If not for the 45 degree temperature, it may as well have been a summer day on Route 35 in Brick.
A constant stream of traffic clogged the state highway, and a miles-long line of cars backed up from the Mantoloking Bridge up and down the barrier island.
Even on weekdays, residents say, the traffic is nonstop.
But while Shore locals have tolerated the annual summer influx of traffic for as long as out-of-towners have flocked to the water, the lingering idea of "disaster tourism" in the wake of Superstorm Sandy has some residents concerned, especially as warmer weather approaches.
There are concerns of looting or break-ins, residents say, but there is also an uneasiness about people stopping their cars and going on private property to take photos of damage. When the spring and summer seasons come, there are similar concerns that children or teenagers could begin exploring torn-apart neighborhoods and homes, and get hurt.
"Either there's going to be a severe accident, or somebody's going to get hurt, or the people will stop and get out of their car and go into an area where they're not supposed to be," said Peter Kupper, a year-round resident who runs Charlie's Farm Market and Charlie's Bait and Tackle.
Nick Spino, another year-round Normandy Beach resident, said he's caught people who went behind the fences on the property where his damaged home sits. He's now set up lights to ensure the area isn't as dark, since many street lights were destroyed in the storm, and homes that would normally be occupied are empty.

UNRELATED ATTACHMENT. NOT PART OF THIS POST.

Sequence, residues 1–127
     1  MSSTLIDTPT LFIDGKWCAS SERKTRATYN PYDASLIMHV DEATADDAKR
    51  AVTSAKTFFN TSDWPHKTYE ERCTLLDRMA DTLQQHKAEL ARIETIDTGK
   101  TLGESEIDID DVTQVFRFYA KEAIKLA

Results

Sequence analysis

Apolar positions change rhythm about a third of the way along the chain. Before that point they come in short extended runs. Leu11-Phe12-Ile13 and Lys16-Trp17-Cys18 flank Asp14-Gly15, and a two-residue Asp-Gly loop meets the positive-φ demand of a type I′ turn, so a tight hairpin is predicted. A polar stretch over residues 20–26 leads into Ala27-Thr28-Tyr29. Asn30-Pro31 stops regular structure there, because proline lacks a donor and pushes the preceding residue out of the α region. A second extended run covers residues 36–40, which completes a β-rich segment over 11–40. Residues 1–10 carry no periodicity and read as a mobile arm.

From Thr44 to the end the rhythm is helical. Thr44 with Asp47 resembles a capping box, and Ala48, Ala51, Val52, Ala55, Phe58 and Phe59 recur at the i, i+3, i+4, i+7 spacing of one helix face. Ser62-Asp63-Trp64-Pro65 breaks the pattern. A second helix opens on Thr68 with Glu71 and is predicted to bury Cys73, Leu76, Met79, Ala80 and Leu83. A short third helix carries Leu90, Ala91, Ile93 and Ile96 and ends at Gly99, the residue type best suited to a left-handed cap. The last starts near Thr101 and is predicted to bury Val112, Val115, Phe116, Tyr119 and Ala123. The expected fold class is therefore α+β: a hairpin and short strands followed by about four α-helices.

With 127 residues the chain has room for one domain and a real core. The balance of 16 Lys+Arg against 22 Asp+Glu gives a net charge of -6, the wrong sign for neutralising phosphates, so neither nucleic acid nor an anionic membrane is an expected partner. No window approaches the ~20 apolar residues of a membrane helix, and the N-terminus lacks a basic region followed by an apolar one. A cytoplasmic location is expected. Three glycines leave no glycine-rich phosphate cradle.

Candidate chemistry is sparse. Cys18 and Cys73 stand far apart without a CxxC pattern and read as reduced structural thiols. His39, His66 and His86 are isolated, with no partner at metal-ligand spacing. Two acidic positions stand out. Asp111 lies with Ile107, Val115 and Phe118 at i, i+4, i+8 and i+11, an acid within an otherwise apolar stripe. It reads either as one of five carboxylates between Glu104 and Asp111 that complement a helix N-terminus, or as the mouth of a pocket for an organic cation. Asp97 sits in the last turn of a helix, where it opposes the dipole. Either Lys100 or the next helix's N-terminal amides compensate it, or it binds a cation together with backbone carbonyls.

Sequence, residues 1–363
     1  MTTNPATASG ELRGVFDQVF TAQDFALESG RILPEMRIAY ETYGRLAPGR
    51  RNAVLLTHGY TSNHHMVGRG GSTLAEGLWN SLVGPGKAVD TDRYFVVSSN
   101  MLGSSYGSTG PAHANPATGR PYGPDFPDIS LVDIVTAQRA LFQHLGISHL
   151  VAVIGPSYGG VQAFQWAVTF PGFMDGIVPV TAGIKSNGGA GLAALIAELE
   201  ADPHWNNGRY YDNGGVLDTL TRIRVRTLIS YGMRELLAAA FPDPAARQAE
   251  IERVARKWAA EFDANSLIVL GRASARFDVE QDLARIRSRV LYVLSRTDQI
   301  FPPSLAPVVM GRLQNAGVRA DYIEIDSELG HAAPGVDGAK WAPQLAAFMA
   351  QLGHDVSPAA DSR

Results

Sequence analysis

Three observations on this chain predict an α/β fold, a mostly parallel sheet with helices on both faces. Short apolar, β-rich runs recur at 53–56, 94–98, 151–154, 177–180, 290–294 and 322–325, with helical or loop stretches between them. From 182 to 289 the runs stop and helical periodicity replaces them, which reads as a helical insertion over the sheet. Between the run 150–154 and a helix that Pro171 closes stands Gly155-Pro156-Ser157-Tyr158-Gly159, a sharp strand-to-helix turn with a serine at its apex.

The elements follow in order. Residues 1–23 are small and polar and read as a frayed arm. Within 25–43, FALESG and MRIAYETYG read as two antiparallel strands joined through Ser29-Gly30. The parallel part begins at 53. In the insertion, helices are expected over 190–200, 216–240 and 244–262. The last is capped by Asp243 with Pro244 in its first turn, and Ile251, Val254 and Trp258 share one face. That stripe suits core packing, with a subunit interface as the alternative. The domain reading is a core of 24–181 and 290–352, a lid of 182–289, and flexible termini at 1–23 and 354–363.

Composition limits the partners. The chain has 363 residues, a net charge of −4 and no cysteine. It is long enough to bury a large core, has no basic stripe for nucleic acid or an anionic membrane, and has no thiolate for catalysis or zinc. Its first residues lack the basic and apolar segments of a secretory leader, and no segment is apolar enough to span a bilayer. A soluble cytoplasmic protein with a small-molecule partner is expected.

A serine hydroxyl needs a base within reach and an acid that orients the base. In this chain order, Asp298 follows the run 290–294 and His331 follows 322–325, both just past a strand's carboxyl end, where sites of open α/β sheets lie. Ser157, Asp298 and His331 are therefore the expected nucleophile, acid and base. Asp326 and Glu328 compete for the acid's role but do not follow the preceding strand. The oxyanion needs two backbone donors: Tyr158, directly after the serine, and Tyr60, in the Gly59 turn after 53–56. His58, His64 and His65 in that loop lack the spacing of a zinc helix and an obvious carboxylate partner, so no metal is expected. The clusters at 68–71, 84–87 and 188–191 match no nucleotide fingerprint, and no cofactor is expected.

"I'm here every day working on houses, and I see countless people stop, get out, and come into this area," said Spino. "It's a dangerous situation, and it's only going to get worse since the weather starts breaking."
"The cops are doing the best job they can, but it's almost overwhelming," said Spino.
Residents who spoke with Brick Patch were unanimously complimentary of the township police department, but "there can't be a cop on every block, every minute," said Frank Petrillo, another year-round resident whose home suffered only minimal damage in the storm.
Brick Police Sgt. Keith Reinhard said there haven't been any notable arrests for looting, though police have pulled over suspicious vehicles and kept trespassers at bay.
Reinhard said three officers are assigned to the barrier island portion of town at all times.
A great concern to residents has been the lack of progress demolishing severely damaged homes that could appear inviting to both "disaster tourists" as well as youngsters who might venture behind protective fences and look inside.
"I know, if I was a young kid, that would look pretty tempting," said Petrillo.
Mayor Stephen C. Acropolis said the issue of unoccupied, damaged homes remaining at least partially standing is one that both barrier island as well as mainland residents are dealing with. Concerns about warmer weather bringing out trespassers are shared by residents on both sides of the bay.
"What people can have a level of comfort in is that there will be an increased police presence, and there will be no leniency when people are in places they are not supposed to be," said Acropolis.
The township's participation in FEMA's Private Property Debris Removal (PPDR) program, which will allow the township to organize demolition and cleanup of destroyed homes, has been approved by the township council. Acropolis said the township is now using one demolition as a test case, and then it will proceed with a larger program.
Still, PPDR is not a mandatory program, and it may take a while before some residents work out insurance settlements or other legal issues, meaning their damaged homes will remain standing.
"Obviously, there's going to be stepped up enforcement, as there are issues with insurance companies, and there are going to be lawsuits" that can drag the process out, Acropolis said. "We want these demolitions to go as quickly as they can."